where nothing remarkable has ever happened

North Olmstead, Ohio: On Lorain Road, between the Starbucks and the highway that leads back to Oberlin. There’s a typewriter shop, an ATM machine, a church, a Giant Eagle, a Dairy Queen, and many unremarkable one story houses. Sometimes, it seems like I was just there this morning.

Sunderland, Massachusetts: A long, winding road; on either side of it are fields of corn or tobacco, farmhouses, cows, a sign that says Rte. 47. In the distance, the towers of two university dorms where I never lived.

Springfield, Massachusetts: On Sumner Avenue, a street everything is described as being “off” of, you will see a theatre that shows one movie at a time. In her childhood, my grandmother would go there with her sisters. Once, two of them bought tickets to the show and left the youngest outside to wait.

Quito, Ecuador:  The bus leaves us at the end of the dirt path. In  the sky, the clouds roll apart, cracked by bluish lightning. We stumble towards the farm, gripping flashlights, clinging to each other’s belts and hoods and ponytails, laughing loudly, nervously, remembering the cow that had appeared on the same path earlier that day.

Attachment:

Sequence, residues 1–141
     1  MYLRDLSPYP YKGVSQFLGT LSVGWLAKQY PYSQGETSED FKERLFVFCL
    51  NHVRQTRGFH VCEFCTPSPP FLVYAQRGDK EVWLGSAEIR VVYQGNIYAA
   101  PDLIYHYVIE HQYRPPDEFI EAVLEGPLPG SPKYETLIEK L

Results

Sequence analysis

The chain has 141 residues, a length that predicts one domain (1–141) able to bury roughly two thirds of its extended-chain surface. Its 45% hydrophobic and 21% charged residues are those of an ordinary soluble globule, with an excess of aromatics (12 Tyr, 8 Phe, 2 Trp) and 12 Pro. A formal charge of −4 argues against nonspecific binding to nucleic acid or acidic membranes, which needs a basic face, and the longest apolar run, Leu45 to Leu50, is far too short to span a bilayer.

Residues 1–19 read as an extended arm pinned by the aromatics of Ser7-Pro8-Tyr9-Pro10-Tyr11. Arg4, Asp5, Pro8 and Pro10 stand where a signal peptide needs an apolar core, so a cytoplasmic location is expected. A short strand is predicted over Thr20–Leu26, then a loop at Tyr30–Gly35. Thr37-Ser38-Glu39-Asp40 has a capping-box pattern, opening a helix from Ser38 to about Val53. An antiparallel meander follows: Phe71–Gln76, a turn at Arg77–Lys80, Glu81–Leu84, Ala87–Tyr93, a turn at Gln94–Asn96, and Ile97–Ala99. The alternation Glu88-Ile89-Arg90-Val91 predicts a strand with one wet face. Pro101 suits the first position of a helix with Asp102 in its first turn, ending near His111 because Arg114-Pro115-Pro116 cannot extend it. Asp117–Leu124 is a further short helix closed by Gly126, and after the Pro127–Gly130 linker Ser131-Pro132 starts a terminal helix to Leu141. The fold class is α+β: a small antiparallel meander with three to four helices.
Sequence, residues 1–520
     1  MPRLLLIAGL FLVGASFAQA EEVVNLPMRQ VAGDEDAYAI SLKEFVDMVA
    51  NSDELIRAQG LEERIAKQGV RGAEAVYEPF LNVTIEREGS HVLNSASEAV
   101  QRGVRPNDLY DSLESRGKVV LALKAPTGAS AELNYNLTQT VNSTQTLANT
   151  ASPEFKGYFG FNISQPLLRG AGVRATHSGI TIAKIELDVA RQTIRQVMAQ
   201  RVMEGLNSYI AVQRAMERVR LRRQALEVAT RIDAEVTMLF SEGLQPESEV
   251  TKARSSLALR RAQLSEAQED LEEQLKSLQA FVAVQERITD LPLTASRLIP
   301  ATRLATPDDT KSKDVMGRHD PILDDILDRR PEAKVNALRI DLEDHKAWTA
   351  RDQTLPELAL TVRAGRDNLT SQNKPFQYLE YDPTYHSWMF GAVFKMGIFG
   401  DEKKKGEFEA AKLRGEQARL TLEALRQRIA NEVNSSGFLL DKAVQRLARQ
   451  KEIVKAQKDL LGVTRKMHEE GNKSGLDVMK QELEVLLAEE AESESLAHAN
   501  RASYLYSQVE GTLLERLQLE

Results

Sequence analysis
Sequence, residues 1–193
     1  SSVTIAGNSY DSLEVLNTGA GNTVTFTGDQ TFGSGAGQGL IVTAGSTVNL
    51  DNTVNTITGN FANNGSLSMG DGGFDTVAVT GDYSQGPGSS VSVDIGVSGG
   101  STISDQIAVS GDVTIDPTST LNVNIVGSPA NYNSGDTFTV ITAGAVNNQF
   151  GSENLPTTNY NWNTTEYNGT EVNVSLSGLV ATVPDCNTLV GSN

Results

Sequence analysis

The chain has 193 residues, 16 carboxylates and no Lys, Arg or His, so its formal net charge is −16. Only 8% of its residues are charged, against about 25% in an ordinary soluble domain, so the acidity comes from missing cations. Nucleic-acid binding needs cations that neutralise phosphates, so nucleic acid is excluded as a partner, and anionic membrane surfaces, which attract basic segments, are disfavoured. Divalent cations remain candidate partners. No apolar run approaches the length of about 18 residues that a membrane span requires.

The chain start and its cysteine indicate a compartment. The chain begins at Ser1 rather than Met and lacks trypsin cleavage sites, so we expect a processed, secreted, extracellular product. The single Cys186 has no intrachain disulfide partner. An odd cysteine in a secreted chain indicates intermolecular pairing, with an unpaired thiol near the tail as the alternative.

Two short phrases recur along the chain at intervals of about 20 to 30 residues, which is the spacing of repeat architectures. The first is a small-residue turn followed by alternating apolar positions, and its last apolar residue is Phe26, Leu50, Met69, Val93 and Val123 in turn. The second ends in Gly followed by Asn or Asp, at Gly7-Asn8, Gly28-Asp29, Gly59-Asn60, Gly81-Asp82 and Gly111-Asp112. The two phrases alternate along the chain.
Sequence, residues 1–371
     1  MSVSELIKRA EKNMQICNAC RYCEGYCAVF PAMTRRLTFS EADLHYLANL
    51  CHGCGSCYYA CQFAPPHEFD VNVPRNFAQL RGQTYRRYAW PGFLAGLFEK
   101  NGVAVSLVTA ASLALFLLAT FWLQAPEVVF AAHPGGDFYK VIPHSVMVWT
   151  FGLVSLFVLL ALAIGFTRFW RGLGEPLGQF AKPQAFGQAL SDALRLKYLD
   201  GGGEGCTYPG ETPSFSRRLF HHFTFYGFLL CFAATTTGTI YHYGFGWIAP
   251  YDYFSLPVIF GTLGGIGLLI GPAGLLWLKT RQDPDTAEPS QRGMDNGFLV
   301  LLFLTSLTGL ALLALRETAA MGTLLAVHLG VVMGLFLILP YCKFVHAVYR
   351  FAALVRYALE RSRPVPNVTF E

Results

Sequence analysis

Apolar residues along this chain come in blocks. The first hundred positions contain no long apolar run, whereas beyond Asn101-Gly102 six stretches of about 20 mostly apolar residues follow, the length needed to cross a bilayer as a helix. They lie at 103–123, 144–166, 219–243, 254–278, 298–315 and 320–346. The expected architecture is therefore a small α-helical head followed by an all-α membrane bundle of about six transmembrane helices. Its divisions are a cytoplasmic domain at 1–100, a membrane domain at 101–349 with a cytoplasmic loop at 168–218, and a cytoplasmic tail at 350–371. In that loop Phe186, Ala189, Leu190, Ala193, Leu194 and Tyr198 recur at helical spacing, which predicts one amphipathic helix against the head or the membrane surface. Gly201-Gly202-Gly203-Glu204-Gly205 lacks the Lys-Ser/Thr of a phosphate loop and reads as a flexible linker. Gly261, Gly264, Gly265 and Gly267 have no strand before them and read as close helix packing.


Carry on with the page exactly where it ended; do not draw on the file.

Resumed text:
Springfield, Massachusetts: For years, my grandmother and mother owned an antique shop downtown, on a city street with a funeral parlor, a convenience store, and a large Victorian house in the middle of it all, looking incongruous. Once, on that street, a bearded, drunk man grabbed my arm and started hollering. My mother chased him away, screaming. I was eight years old.

Tel Aviv, Israel:  In late June, the whole city feels like it’s being laid upon by a giant, wet dog. Along the port is a stretch of grass, and a bike trail. I’m half listening to  the conversation and watching a tall, beautiful woman riding a bike with a basket. Her legs are bare and long, like weeds, and her hair flies behind her- free, naked, uncovered. When I return home to the States, I am wondering about her still.


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